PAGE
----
REtake is not only a study of recycling, but also a study of materials, colours, and techniques.
The objective of REtake is to raise awareness about the fact that a lot of the things that simply end up on the rubbish heap still contain valuable materials. These materials can still be used in new, valuable products, thus extending the useful life of the relevant material. In the linear economic system that most of us live by, we generally apply the principle of Take, Make, and Waste. However, due to this principle our rubbish heap is continually growing. This is because we do not look at the materials used to make the products we no longer want before relegating them to the rubbish heap. Often, there are still some good-quality materials in these products. These materials can be reused in a new product.
Waste has a negative connotation, and is therefore not considered a valuable raw material. Our fear that waste cannot be used as a good raw material for valuable designer products is still so dominant that we do not even consider using it.
The heaps of work clothing that we throw away also contain materials of good quality. Work clothing is generally intended to be worn for only four or five years. However, digging into these heaps of thrown-away work clothing reveals that they contain clothing that has been worn, but also brand-new items. Work clothing often ends up on the rubbish heap because it has corporate logos and may therefore not be worn on the street. Other reasons for this could be overstocking, a merger, or defects. This clothing is often secretly burned because of these logos. This process releases and lot of carbon dioxide. The work clothing collected by REtake is composed of everyday clothing, such as sweatshirts, T-shirts, or polo shirts, and is made from cotton/polyester or a combination of various polymers. Because of the many requirements it must satisfy, it is generally of a high standard of quality with good properties. As a result, these materials can easily be used to create a new product. At present, a portion of this clothing is being fiberized, but to me this is taking it one step too far. There must be a solution between using an item of clothing and burning or fiberizing it.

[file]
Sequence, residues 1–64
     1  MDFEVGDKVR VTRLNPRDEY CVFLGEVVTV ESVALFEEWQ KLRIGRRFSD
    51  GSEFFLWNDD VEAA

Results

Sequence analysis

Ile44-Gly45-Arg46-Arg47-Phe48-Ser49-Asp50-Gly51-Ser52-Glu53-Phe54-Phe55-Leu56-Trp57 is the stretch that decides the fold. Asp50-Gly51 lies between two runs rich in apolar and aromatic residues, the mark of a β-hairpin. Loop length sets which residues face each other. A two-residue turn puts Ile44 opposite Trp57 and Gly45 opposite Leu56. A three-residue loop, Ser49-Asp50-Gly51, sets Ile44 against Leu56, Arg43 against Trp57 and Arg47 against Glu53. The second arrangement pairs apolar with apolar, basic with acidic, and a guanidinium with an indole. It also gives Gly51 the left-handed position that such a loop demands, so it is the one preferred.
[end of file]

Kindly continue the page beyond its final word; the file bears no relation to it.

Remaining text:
The study conducted by REtake resulted in a series of wall tiles. The material was used in its entirety and as efficiently as possible. One sweatshirt served as the basis for an entire series of wall tiles, for example. The connections of the material play a big part in its new application. The wall tiles can easily be dismantled after use thanks to the simple fastening system and because they are composed of individual elements. All techniques were applied based on the idea that the items could be dismantled, sorted, and recycled after their use.
If fiberizing clothing is one step too far, how can I give these combined materials another chance to serve as a raw material for a new product, and in doing so, extend their useful life?